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January 1933


Arch Derm Syphilol. 1933;27(1):100-106. doi:10.1001/archderm.1933.01450040103009

The discouraging feature in the study of deep mycoses lies in the fact that one of Koch's requirements can but rarely be fulfilled: the reproduction of the disease in a suitable host. Even Koch1 admitted that this point might be dispensed with under certain circumstances, yet in its absence every investigator feels that an important link in his chain of evidence is missing. Most fungi isolated from human mycoses prove to be entirely apathogen for laboratory animals. One group of these mycoses, the true mycetomas ( Pinoy) or maduromycoses (madura foot), which is characterized by the presence of grains of various colors and produced by fungi with thick, septate, mycelial filaments, has been particularly difficult to transmit to animals.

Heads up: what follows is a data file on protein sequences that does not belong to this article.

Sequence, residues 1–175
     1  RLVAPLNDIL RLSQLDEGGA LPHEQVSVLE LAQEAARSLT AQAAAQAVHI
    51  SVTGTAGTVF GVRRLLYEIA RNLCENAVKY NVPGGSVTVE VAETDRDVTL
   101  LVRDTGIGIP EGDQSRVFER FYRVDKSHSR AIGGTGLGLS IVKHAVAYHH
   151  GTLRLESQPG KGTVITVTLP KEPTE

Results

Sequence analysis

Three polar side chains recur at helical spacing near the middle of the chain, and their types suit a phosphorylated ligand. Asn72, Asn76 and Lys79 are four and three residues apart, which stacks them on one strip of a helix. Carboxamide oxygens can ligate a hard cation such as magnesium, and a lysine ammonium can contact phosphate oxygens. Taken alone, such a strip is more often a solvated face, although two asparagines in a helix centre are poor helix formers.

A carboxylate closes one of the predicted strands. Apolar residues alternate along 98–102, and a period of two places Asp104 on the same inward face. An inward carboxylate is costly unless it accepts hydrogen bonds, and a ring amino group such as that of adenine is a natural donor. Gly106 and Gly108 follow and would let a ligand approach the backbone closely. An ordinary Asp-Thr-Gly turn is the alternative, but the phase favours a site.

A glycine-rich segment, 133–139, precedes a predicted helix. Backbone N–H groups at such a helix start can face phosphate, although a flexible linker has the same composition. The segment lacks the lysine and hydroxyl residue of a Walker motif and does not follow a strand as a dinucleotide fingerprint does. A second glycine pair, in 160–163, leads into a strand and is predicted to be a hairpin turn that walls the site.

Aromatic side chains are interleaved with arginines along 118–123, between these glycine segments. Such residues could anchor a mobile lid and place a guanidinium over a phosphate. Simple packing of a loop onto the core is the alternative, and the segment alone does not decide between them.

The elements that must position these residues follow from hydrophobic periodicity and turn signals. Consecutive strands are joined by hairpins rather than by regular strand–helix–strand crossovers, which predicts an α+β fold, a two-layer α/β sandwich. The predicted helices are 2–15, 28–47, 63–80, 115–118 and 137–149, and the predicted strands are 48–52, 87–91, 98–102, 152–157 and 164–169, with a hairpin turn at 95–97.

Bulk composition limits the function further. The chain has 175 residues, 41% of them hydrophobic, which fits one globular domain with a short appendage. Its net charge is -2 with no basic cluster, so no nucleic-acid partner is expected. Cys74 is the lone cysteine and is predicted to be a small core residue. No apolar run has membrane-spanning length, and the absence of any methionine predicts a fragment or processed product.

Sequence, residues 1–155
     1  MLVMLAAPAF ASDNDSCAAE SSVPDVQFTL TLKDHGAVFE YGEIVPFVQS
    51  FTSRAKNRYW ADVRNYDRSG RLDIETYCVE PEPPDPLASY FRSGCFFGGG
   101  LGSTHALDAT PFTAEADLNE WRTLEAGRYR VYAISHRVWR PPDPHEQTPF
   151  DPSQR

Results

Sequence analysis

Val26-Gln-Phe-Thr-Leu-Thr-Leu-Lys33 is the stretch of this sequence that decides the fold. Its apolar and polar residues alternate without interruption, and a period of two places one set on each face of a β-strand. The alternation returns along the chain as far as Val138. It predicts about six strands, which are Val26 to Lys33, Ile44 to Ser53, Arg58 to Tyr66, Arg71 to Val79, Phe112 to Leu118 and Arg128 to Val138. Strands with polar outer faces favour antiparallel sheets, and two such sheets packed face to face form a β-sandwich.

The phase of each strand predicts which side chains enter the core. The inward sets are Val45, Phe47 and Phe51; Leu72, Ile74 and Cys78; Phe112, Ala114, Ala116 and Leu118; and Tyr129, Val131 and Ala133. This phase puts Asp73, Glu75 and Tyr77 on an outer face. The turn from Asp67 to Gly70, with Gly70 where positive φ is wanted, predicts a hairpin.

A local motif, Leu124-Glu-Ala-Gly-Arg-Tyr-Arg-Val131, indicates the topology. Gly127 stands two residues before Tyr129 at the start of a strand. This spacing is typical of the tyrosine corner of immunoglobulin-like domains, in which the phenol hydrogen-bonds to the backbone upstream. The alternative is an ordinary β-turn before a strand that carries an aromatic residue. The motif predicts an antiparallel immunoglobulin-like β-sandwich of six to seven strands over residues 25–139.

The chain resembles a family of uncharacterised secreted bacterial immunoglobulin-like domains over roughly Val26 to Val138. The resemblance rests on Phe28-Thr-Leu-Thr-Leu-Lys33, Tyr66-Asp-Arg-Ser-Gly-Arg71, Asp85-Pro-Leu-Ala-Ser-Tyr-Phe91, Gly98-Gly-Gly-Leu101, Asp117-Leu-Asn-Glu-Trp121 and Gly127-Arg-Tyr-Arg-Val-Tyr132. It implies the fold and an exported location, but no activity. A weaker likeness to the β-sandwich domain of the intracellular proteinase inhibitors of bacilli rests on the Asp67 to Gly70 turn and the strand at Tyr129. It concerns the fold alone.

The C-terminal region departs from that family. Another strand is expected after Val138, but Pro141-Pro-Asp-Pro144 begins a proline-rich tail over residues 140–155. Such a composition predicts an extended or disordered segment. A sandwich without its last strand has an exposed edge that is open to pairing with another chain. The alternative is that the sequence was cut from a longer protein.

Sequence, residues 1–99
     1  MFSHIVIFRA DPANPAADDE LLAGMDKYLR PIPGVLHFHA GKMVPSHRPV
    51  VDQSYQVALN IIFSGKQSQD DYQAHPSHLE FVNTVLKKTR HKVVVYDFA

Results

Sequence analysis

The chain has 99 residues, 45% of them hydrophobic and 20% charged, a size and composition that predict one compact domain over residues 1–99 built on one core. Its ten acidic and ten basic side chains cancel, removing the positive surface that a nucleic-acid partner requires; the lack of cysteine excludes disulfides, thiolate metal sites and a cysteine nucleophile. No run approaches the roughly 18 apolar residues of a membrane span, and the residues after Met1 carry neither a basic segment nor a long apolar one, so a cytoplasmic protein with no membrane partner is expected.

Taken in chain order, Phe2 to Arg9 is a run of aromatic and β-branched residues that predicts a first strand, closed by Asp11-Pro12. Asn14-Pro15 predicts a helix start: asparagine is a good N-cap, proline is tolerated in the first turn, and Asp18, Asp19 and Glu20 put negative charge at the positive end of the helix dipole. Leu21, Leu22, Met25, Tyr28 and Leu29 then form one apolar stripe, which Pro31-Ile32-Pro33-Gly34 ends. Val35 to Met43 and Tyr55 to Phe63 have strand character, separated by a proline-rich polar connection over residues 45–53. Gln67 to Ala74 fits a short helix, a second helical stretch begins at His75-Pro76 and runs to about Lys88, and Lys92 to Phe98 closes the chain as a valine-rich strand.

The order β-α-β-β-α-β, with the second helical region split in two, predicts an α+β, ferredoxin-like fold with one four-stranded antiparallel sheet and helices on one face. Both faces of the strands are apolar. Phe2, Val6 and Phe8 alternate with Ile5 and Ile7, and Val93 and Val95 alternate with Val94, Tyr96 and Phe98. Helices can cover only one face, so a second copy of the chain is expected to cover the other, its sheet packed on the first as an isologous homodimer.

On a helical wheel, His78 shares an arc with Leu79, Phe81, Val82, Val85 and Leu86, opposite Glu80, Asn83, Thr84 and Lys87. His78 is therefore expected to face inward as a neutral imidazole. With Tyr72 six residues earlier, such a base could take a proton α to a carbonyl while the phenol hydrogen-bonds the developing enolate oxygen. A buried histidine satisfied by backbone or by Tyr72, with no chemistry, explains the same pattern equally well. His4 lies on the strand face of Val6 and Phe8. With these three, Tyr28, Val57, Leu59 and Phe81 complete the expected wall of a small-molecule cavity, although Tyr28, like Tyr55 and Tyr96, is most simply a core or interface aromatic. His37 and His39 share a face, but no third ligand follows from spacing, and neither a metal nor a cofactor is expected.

Of all fungi isolated in the latter group. Monosporium apiospermum shows a fairly constant pathogenicity and the widest distribution. It was found to be the cause of maduromycosis in Italy by

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